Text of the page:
It’s very in your face. When you’re riding down the road and a Tron bike passes by, you go, “Oooooh”. Having a Tron bike shows that you climb a lot! (laughs)” – Quek
Inspired by his daily virtual rides, he decided to make this video to have the same feel as the Zwift game world – the camera angles and how it moves, the routes, and of course, the Tron bike. So if you’re a Zwiftie (sorry Swifties) you’ll definitely recognise it.
For this video, he experimented with light painting – where you use long exposure on the camera to capture a moving light source such as a torchlight to create a painting – hence the term “light painting”. But it was a painstaking exercise, as he had to draw each element separately – the lines on the face, the legs, the bicycle, and then combine it together during editing.
And this video took him much longer to complete – two months compared to 6 days for his previous videos. But the time wasn’t spread evenly – the first minute of the video took 6 days. The last 45 seconds took one and a half months.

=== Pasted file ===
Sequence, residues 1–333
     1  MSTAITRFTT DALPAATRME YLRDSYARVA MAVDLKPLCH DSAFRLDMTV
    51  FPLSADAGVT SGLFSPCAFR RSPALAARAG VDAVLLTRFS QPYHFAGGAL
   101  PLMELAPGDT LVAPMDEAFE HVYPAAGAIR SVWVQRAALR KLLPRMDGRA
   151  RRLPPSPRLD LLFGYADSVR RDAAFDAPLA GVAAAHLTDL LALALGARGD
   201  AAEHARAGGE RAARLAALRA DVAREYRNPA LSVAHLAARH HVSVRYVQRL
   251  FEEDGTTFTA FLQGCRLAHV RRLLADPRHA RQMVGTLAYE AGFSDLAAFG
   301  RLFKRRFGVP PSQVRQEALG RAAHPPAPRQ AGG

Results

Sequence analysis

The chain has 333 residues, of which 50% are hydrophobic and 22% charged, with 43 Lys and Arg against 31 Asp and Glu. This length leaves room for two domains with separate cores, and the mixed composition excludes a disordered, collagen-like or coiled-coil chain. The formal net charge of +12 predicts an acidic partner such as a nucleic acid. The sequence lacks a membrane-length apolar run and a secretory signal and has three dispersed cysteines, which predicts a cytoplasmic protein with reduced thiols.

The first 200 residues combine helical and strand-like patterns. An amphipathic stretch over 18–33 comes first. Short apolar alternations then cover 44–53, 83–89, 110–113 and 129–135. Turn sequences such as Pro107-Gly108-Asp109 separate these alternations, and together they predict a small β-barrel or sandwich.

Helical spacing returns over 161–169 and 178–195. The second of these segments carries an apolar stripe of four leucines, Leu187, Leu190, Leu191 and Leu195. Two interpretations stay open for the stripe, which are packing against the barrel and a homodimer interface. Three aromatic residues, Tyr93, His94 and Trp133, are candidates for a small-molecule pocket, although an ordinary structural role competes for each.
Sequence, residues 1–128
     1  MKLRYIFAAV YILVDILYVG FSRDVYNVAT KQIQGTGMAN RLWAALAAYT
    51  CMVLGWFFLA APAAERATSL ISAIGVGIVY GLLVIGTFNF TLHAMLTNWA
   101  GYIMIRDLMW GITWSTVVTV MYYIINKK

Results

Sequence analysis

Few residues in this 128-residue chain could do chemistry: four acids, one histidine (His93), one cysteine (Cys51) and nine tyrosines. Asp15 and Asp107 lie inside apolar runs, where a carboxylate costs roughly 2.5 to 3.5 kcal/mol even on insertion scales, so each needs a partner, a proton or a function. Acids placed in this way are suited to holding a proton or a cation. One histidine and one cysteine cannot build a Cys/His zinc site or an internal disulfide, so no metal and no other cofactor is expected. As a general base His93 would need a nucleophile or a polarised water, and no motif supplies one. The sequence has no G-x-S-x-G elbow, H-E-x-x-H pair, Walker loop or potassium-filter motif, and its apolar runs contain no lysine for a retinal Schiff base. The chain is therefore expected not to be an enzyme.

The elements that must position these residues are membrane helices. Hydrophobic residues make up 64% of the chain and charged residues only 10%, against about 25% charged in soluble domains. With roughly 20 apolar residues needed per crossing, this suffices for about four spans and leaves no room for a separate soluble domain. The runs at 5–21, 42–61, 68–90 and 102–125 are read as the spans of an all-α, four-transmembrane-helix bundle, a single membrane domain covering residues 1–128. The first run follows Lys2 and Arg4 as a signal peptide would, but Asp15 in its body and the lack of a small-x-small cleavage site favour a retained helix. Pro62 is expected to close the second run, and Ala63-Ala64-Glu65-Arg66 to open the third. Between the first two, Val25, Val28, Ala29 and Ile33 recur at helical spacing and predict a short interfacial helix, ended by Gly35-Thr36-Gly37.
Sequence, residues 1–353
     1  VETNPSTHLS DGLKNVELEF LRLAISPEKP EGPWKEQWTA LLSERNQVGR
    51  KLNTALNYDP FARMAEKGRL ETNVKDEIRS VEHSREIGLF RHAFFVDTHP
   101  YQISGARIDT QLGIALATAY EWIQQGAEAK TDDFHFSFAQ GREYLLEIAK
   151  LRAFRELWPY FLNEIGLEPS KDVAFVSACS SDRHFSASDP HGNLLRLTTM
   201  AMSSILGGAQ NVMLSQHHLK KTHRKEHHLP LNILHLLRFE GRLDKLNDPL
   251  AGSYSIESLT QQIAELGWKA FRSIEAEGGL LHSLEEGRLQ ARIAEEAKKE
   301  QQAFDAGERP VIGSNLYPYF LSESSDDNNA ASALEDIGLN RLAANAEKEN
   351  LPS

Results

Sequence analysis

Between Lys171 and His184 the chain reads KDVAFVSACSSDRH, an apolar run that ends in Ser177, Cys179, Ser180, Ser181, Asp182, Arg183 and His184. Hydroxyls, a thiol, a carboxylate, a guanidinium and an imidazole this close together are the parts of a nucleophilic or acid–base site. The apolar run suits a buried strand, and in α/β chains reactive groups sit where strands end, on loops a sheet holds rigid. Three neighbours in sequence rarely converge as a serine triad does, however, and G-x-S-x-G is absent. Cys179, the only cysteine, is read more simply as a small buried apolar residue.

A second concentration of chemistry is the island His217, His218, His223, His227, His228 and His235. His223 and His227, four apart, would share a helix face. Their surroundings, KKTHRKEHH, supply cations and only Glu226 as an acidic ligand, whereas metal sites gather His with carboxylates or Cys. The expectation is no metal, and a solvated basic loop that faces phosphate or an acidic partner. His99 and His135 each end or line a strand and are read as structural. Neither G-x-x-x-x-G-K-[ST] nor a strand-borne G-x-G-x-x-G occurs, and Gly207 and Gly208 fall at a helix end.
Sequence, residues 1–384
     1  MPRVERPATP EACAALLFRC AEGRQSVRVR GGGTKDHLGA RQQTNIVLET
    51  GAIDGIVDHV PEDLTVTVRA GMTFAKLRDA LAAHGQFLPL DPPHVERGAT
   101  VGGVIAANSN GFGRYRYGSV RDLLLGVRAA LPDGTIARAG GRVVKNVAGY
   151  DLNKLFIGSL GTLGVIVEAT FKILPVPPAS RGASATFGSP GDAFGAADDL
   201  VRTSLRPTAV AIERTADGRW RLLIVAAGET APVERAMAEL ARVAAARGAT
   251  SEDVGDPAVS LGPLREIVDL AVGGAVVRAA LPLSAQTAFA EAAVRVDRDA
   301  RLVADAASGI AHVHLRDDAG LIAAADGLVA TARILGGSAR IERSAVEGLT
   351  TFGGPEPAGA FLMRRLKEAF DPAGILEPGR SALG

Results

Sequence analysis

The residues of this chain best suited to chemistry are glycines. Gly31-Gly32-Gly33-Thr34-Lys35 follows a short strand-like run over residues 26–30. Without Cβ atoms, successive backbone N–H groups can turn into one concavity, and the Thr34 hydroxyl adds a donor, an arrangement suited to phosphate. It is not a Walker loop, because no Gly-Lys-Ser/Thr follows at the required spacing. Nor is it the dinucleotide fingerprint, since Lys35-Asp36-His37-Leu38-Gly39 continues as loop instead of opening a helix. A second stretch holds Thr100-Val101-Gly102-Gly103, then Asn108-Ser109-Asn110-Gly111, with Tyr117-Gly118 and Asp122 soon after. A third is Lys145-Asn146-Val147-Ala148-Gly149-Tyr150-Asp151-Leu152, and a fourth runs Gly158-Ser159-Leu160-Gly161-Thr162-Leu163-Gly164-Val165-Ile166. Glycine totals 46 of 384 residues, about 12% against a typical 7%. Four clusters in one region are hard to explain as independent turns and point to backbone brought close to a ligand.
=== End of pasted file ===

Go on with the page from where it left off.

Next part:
“After a week of editing I got the rider then I realised: everything else is black! So now I have to paint the whole world. That’s when I thought, why not use household stuff to create the scenery?” – Quek
After seeing the many tapau plastic he got with every Grab delivery, he decided to use that along with other household items such as the eggtray from his fridge, as well as a used facemask.
“Rubbish bag is green, you can make it into mountains, blue ones you can tie it on your torchlight to make a blue light, orange and red ones you can use to make the fire…Plastic containers come in different shapes and sizes, some can turn into tunnel. The moon you see is actually the lid!” – Quek
If you’ve watched any of his previous videos, you might have noticed there was a lighthearted tone to it. But his recent video felt a little darker, and it was intentional.
“It doesn’t feel right…the funny didn’t come”